I had a patient whose parents were doctors. The patient was getting a bolus, so the pump was running at 999ml/hr, which was already a SLOW blous since the patient was getting a liter. The parents turned it down because they thought it was "too fast." I had to explain that actually, it was going in very slowly for a bolus, and had already slowed it down significantly by putting it on a pump instead of running it to gravity. But seriously, don't touch my IV pump.
0Dec 29, '12 by Daisy_08The worst was when I was a student. Took care of a pt whos daughter worked in X-ray or something. Questioned why I would want to be a practicl nurse as they have no education ( longer then hers was) are not inteligent and I would never get a job ( in front of my preceptor who had been her friend for years). First I put too much apple sauce in her pills then not enough. I think she was so upset about her mom that she took all her anger at me. And there was a lot! I ended up crying in the bathroom. I could do nothing right. Sometimes you just have to eat ****, maybe put someone back in their place, but remember they're probably scared - especially knowing what we knowLast edit by Meriwhen on Dec 29, '12 : Reason: TOS/Profanity
1Dec 29, '12 by M/B-RNI hate it when my patient's are nurses. It makes me nervous! But the worst is when they are related to someone who works in a doctor's office or they are a medical assistant, something not even involving nursing and they think they know everything. It makes me crazy to have to justify everything I'm doing to someone who thinks they know everything about nursing! No point in showing off when you don't even know what you're talking about.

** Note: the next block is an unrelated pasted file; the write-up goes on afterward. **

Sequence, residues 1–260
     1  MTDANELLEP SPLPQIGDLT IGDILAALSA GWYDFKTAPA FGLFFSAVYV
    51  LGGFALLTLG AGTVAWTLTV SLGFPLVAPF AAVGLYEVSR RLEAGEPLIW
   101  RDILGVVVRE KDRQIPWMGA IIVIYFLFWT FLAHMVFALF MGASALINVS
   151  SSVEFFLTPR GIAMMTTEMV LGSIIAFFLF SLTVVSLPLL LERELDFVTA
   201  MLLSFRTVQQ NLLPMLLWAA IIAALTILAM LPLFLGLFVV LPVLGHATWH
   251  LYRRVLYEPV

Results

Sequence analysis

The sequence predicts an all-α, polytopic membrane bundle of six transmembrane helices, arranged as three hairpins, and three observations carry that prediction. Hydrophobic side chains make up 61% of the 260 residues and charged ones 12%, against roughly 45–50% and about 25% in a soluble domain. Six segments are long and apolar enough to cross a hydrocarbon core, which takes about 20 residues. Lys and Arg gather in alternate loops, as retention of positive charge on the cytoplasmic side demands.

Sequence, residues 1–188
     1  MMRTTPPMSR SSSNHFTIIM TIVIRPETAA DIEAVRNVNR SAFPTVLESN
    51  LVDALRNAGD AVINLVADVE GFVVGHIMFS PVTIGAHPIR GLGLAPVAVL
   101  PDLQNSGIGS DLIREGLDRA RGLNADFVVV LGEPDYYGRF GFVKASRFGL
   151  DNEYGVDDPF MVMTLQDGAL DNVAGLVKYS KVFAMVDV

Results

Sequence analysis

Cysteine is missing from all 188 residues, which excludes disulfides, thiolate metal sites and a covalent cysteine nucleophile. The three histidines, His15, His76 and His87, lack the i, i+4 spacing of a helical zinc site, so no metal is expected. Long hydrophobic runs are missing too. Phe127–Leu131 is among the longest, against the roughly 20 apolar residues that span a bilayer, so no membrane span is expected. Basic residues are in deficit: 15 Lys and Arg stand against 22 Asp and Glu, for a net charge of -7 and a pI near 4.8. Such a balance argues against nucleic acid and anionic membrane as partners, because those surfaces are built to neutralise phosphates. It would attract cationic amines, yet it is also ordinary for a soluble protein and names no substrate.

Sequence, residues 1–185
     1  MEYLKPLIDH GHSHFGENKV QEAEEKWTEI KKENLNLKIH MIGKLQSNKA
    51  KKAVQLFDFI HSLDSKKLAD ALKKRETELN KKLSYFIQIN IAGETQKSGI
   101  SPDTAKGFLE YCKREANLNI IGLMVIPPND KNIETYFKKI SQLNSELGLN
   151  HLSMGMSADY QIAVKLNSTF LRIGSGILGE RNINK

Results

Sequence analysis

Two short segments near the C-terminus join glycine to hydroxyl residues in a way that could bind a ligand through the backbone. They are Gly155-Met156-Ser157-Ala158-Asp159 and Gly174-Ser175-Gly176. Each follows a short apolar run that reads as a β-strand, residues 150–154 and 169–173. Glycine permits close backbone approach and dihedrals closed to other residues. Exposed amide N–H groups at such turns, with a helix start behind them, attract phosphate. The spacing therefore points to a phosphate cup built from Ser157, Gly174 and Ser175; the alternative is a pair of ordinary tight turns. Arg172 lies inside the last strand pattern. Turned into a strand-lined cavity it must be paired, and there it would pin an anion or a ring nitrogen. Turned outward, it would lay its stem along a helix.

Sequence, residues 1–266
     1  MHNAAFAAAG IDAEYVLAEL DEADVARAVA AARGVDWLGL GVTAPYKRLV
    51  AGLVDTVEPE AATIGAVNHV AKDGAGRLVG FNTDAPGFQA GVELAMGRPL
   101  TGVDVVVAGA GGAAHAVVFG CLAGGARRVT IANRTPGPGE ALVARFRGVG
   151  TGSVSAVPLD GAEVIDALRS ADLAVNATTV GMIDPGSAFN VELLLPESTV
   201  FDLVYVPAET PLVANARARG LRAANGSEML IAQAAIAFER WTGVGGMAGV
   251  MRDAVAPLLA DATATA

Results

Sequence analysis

2Dec 29, '12 by joanna73 GuideIt doesn't matter to me who the patient is because everyone is entitled to the same standard of care. I've had many nurses and physicians as patients when I worked acute care, as well as family members of patients who worked in the health care field. As long as I'm doing my job in a respectful manner, I'm not concerned.
0Dec 29, '12 by AnoetosI had an MD the other day, a Rheumatologist from the hospital. She was nice but man she was demanding and self-managing of her care: got herself ordered kayexalate for a potassium of 5.1; called the pharmacy to find out how much K was in herTPN. She also had a lot of meds, many of which we rarely ever give. The story was that she came to us after having RRTd herself for SOB/DIB on the rehab unit. So, yes, she was also an admit. I got out an hour late that day.
0Dec 29, '12 by MulanSome people are just obnoxious.
They should know better than to act in such a low class manner.
That nurse manager sounds just like someone I may know.